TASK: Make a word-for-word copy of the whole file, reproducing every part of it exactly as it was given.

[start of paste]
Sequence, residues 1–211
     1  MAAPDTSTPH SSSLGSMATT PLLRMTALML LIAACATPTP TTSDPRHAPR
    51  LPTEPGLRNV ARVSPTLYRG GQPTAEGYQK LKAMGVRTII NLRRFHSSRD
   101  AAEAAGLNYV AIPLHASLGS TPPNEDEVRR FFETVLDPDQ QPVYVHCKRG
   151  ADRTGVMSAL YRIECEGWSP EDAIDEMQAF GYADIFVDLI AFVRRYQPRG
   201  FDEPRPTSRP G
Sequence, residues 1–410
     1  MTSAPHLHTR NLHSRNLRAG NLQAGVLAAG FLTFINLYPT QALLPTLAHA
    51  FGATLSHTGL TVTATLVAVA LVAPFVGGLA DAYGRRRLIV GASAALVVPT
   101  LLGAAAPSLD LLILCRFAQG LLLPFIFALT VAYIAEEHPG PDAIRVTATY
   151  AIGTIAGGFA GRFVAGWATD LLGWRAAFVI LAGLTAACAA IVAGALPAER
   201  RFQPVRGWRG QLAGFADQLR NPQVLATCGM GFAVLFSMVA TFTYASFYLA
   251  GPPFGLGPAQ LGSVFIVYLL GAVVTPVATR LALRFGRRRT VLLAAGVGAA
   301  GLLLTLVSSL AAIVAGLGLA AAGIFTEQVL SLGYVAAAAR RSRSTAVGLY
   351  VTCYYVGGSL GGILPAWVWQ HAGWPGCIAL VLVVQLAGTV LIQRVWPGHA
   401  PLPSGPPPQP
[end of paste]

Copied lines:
Sequence, residues 1–211
     1  MAAPDTSTPH SSSLGSMATT PLLRMTALML LIAACATPTP TTSDPRHAPR
    51  LPTEPGLRNV ARVSPTLYRG GQPTAEGYQK LKAMGVRTII NLRRFHSSRD
   101  AAEAAGLNYV AIPLHASLGS TPPNEDEVRR FFETVLDPDQ QPVYVHCKRG
   151  ADRTGVMSAL YRIECEGWSP EDAIDEMQAF GYADIFVDLI AFVRRYQPRG
   201  FDEPRPTSRP G
Sequence, residues 1–410
     1  MTSAPHLHTR NLHSRNLRAG NLQAGVLAAG FLTFINLYPT QALLPTLAHA
    51  FGATLSHTGL TVTATLVAVA LVAPFVGGLA DAYGRRRLIV GASAALVVPT
   101  LLGAAAPSLD LLILCRFAQG LLLPFIFALT VAYIAEEHPG PDAIRVTATY
   151  AIGTIAGGFA GRFVAGWATD LLGWRAAFVI LAGLTAACAA IVAGALPAER
   201  RFQPVRGWRG QLAGFADQLR NPQVLATCGM GFAVLFSMVA TFTYASFYLA
   251  GPPFGLGPAQ LGSVFIVYLL GAVVTPVATR LALRFGRRRT VLLAAGVGAA
   301  GLLLTLVSSL AAIVAGLGLA AAGIFTEQVL SLGYVAAAAR RSRSTAVGLY
   351  VTCYYVGGSL GGILPAWVWQ HAGWPGCIAL VLVVQLAGTV LIQRVWPGHA
   401  PLPSGPPPQP